I commenced my SRN training as a male nurse (St Albans based) at the Mid Hertfordshire School of Nursing in the September 1972 set.There were 27 female nurses and 2 males.Two of the nurses were Nuns, one from England and the other from the Philippines.I came originally from a very rural background, farming and it was just amazing to be exposed to so many young ladies from so many parts of the world--(and my family and friends wondered why on earth as a man I went into nursing!).
    One of my secondments was to the St Peters group of hospitals-St Peters, St Philips,Shaftsbury and St Pauls in central London.Here they
    specialized in genital urinary issues.The care patients received there was very impressive.It was here that I met wife who is from Mauritius; to be honest I don't think I had even heard of this island, although I had heard of the Dodo bird !(still happily married after 37 years)
    When I qualified in 1975 I worked initially in A&E (the cowshed I called it) and then for about one year on St Peters Ward and the Coronary Care Unit (rotational arrangement).
    Although I loved the work at St Albans I then went onto complete my 18 months training, RMN, at Napsbury and work there for 12 years as a Charge Nurse-Laburnum,Hawthorn,Hazel,Oak, Palm,Hornbeam and Fir.
    Having served what I felt was my apprentice ship at Napsbury I then went on to work for 8 years as a CPN based at Barnet in Adult Care, age range 16 to 65, - great Crisis Intervention Service) one year as Crisis co-ordinator and the my last 8 years and favourite placement working as a CPN in old age.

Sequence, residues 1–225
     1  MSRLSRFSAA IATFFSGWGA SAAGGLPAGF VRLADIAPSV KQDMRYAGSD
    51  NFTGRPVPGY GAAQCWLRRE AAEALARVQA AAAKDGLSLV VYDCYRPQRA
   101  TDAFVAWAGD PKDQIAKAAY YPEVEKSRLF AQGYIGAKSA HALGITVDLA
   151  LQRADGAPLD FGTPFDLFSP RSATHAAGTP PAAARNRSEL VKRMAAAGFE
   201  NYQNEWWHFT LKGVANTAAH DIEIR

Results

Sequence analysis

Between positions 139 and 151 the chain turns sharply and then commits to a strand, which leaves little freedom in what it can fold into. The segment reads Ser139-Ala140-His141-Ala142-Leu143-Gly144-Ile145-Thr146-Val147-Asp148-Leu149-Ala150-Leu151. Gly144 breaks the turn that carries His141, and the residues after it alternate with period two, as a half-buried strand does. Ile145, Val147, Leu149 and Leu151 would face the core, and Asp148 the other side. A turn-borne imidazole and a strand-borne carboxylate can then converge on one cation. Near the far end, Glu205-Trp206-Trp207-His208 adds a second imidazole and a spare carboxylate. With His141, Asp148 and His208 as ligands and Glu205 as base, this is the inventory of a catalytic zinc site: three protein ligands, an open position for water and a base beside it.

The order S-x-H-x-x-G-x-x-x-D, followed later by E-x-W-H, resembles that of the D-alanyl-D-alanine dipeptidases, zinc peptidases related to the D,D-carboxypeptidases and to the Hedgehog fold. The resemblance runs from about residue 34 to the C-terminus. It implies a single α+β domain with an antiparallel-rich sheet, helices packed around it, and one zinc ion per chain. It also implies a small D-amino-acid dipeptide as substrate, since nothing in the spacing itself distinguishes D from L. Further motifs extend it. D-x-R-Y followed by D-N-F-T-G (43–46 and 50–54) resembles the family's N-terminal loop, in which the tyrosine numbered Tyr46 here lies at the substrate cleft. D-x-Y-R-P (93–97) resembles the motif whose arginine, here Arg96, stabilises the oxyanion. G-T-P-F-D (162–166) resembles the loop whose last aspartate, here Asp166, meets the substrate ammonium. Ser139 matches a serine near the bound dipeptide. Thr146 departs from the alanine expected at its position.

Moving from the wards to the community was almost like starting over again-you're on your own for most for of the time with an ever changing case load of around 25 to 30 patients. Knowledge and skills learnt both on both general and psychiatric wards proved invaluable and put me in great stead during this period.

    1. Hi Nick
      Thank you for taking the time to reply and share your own memories, I hope they are happy as mine. How amazing that you spotted yourself in the photo!

    2. We were in the same group Nick...I am Moira. I remember the 2 nuns and also Malcolm Caie.....what a hoot. I have lived in Australia for 36 yrs where I am stil nursing in theatres

    3. Hi Moira, we must all be busy people judging by the length of time between replies but hopefully Nick will see yours. Incredible that you were in the same group and have had a chance to connect again all these years later. I loved reading Nick's own memories, they have brought back more of my own, not least the cowshed which made me laugh. Please do add anything that you remember, who knows who else might be out there :)

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  4. I started my training as an RGN at Mids Herts Welwyn Garden City in April 1984. Loved reading this. Brought back so Amy memories. Thank you.

    1. We must have past each-other many times!

    2. Indeed! Wish I could find my colleagues I trained with. Would be great to share more memories.

  5. I started my training as an RGN at Mids Herts Welwyn Garden City in April 1984. Loved reading this. Brought back so Amy memories. Thank you.

  6. Trained with you Nick, and Malcolm Caie....I am Moira

    1. Hi Moira
      Wow fancy hearing from you down under----where do you find the energy to keep working.
      Sorry it's taken me so long to reply.
      Do you remember the tandem rides and canal hols---would be great to be that young again!
      I've been retired for over 10 years now and pleased that I could do so---although I loved the community work I felt quite worn/burnt out at the end.
      Best wishes,

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  8. Thank you so much Peter, much appreciated.

  9. Hi Julie, wow so many memories, I am the one standing to your left in our group photo, Tracy Cook. I retired from community nursing 4 years ago in Royston Herts, how things have changed.